"include": [

    This configuration provides the essential attributes needed for writing Angular applications with TypeScript, as per the Angular documentation. We’ll also add a couple of extra options:

    • compileOnSave: this is for IDE support, setting it to false tells IDEs with support not to compile the code into a JS file on save,
    • baseUrl: the base directory to resolve non-relative URLs as if they are relative. With this set, instead of doing:
      import { XService } from '../../services/x.service';

      we can just do:

      import { XService } from 'services/x.service';
    • include: tells TypeScript only to convert files in the list, we’re telling it to only compile TypeScript files under the src directory.

    Adding the Source Directory

    This step is pretty simple, just create a directory named src in the root directory of your project.

    Setting Up Jest

    Although Jest can work out of the box, to get it to work with Angular there is a minimal amount of setup.

    Jest Configuration

    First, we need open up package.json and ensure that we’ve set the test script to jest:

    "scripts": {
        "test": "jest"

    Secondly, add a jest section to package.json:

    "jest": {
        "preset": "jest-preset-angular",
        "roots": [ "<rootDir>/src/" ],
        "setupTestFrameworkScriptFile": "<rootDir>/src/setup-jest.ts"

    Here’s what each attribute of our Jest setup does:

    • preset: specifies that we’ll be using the jest-preset-angular preset for our setup. To see what this configuration looks like, visit the jest-preset-angular documentation.
    • roots: specifies the root directory to look for test files, in our case, that’s the src directory; <rootDir> is a Jest caveat to go to the project’s root directory.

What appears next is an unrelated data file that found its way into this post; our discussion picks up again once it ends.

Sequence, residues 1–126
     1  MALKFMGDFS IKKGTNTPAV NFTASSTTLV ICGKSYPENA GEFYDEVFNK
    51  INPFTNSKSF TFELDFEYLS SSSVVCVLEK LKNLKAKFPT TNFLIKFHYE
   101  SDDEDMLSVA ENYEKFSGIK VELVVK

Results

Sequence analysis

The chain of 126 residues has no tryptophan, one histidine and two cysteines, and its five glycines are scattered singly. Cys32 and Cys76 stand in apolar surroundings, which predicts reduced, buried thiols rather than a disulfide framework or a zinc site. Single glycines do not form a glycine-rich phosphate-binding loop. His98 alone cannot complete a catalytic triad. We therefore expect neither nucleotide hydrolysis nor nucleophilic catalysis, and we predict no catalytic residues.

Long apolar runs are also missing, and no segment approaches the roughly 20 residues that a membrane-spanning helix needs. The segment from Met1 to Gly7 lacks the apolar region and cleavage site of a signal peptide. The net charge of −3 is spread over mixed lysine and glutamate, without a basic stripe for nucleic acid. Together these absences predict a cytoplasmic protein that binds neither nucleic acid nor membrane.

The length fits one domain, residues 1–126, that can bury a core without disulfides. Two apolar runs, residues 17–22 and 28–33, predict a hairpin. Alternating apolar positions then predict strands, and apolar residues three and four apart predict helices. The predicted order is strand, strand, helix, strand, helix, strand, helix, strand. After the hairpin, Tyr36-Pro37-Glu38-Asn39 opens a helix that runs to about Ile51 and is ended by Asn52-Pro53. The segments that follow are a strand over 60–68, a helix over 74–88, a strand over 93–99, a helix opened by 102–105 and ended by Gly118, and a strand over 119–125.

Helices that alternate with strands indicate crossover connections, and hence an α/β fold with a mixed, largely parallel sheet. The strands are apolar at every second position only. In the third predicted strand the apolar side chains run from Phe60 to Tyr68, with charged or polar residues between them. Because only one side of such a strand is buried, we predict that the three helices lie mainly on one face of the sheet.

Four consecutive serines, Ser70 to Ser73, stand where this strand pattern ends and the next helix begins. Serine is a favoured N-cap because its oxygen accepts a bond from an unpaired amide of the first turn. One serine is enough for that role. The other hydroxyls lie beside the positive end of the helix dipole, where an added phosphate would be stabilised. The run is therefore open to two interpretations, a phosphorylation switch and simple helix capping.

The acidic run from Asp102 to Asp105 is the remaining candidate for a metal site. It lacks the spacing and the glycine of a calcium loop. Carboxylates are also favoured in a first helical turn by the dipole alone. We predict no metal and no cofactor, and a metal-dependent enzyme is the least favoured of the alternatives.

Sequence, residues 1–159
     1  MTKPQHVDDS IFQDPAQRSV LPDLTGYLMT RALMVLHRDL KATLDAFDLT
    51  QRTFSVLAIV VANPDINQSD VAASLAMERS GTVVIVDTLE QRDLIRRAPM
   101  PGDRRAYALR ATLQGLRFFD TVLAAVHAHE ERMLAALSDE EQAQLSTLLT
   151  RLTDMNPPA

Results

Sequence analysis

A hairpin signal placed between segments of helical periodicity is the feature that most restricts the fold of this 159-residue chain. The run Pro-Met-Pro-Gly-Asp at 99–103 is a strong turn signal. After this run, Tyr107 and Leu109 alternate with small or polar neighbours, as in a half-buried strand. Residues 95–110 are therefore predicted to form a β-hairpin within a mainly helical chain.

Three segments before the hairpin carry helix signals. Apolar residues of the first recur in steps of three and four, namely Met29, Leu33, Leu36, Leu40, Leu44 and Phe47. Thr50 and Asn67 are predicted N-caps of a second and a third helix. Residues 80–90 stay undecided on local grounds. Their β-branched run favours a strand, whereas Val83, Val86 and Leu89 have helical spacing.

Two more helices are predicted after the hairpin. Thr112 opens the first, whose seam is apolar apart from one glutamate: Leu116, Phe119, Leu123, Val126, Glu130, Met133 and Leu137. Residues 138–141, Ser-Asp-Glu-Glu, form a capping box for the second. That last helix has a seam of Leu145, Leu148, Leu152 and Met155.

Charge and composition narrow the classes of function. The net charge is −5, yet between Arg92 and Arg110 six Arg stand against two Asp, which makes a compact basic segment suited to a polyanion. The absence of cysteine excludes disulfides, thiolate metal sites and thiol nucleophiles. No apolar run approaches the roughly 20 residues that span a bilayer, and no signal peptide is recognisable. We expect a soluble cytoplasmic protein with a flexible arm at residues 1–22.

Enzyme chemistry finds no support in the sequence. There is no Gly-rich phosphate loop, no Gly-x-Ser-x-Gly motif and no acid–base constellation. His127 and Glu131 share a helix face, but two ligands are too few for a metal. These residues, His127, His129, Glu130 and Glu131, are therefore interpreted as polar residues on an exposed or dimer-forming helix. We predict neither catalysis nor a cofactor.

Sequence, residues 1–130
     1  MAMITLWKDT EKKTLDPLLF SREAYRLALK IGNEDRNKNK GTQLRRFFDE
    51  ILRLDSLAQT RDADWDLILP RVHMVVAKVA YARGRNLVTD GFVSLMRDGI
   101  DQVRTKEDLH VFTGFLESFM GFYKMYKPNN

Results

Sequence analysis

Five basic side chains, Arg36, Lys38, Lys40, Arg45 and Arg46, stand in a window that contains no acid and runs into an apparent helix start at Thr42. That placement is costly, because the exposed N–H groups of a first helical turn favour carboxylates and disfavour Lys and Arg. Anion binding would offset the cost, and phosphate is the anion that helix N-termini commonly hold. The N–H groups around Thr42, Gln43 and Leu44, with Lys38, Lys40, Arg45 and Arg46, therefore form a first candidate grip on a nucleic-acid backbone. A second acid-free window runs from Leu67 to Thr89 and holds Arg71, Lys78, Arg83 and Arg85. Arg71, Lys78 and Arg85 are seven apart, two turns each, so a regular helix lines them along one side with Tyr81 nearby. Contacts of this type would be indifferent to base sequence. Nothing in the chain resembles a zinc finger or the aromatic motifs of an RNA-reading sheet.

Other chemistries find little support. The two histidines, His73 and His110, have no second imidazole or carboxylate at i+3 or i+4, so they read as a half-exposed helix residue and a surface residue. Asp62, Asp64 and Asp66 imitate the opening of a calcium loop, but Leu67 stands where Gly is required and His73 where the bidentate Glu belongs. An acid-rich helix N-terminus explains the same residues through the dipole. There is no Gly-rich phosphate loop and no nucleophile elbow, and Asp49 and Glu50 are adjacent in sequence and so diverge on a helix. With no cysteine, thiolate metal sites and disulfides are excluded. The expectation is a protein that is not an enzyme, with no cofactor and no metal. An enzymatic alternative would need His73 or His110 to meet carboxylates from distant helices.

• setupTestFrameworkScriptFile: the file to run just after the test framework begins running, we point it to a file named setup-jest.ts under the src directory.

    Creating the TypeScript Configuration for Testing

    Add a tsconfig.spec.json file, which is required by jest-preset-angular, in the src directory:

        "extends": "../tsconfig.json"

    Creating the Jest Setup File

    Next, add a file setup-jest.ts to the src directory:

    import 'jest-preset-angular';

    This pulls in the globals required to run tests. We’re now setup to use Jest.

    Creating .gitignore (optional)

    This step is only required if you’re creating a Git repository. You don’t want to commit all the node_modules, so create a .gitignore file and add node_modules to it.

    The First Stop

    At this point we have our project set up, and to see the code as it exists at this point, checkout tag stop-01:

    git checkout stop-01

    Writing Tests

    Let’s add a component, and call it hello-ewe. This function will take in a name and output Baaaa, {{ name }}! (which means “Hello” for sheep).

    Inside of the src folder, add a folder named hello-ewe. Inside the hello-ewe folder add two files: hello-ewe.component.ts and hello-ewe.component.spec.ts.

    The configuration of jest-preset-angular looks for all files that end in .spec.ts and run them as test files. So we’ll start by setting up our test file, hello-ewe.component.spec.ts:

    import {
    } from '@angular/core/testing';
    import { HelloEweComponent } from './hello-ewe.component';
    describe('HelloEweComponent', () => {
        let component: HelloEweComponent;
        let fixture: ComponentFixture<HelloEweComponent>;
        beforeEach(async(() => {
                declarations: [ HelloEweComponent ]
            fixture = TestBed.createComponent(HelloEweComponent);
            component = fixture.componentInstance;
        test('should exist', () => {

    If you’ve written unit tests with Jasmine, this code will look very familiar. Jest uses a syntax extremely similar to Jasmine. We import all the same parts of the core testing module that we would for any Angular component test. We also import the HelloEweComponent from the component TypeScript file.